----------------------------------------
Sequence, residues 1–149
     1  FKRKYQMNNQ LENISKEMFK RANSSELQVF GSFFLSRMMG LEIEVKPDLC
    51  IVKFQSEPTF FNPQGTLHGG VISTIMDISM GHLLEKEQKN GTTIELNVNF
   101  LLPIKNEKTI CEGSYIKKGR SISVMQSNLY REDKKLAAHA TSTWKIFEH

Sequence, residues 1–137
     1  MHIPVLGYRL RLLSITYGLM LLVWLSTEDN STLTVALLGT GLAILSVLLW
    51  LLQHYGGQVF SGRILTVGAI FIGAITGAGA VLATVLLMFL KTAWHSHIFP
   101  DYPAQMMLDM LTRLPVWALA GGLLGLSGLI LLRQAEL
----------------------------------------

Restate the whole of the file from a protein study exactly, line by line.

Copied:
Sequence, residues 1–149
     1  FKRKYQMNNQ LENISKEMFK RANSSELQVF GSFFLSRMMG LEIEVKPDLC
    51  IVKFQSEPTF FNPQGTLHGG VISTIMDISM GHLLEKEQKN GTTIELNVNF
   101  LLPIKNEKTI CEGSYIKKGR SISVMQSNLY REDKKLAAHA TSTWKIFEH

Sequence, residues 1–137
     1  MHIPVLGYRL RLLSITYGLM LLVWLSTEDN STLTVALLGT GLAILSVLLW
    51  LLQHYGGQVF SGRILTVGAI FIGAITGAGA VLATVLLMFL KTAWHSHIFP
   101  DYPAQMMLDM LTRLPVWALA GGLLGLSGLI LLRQAEL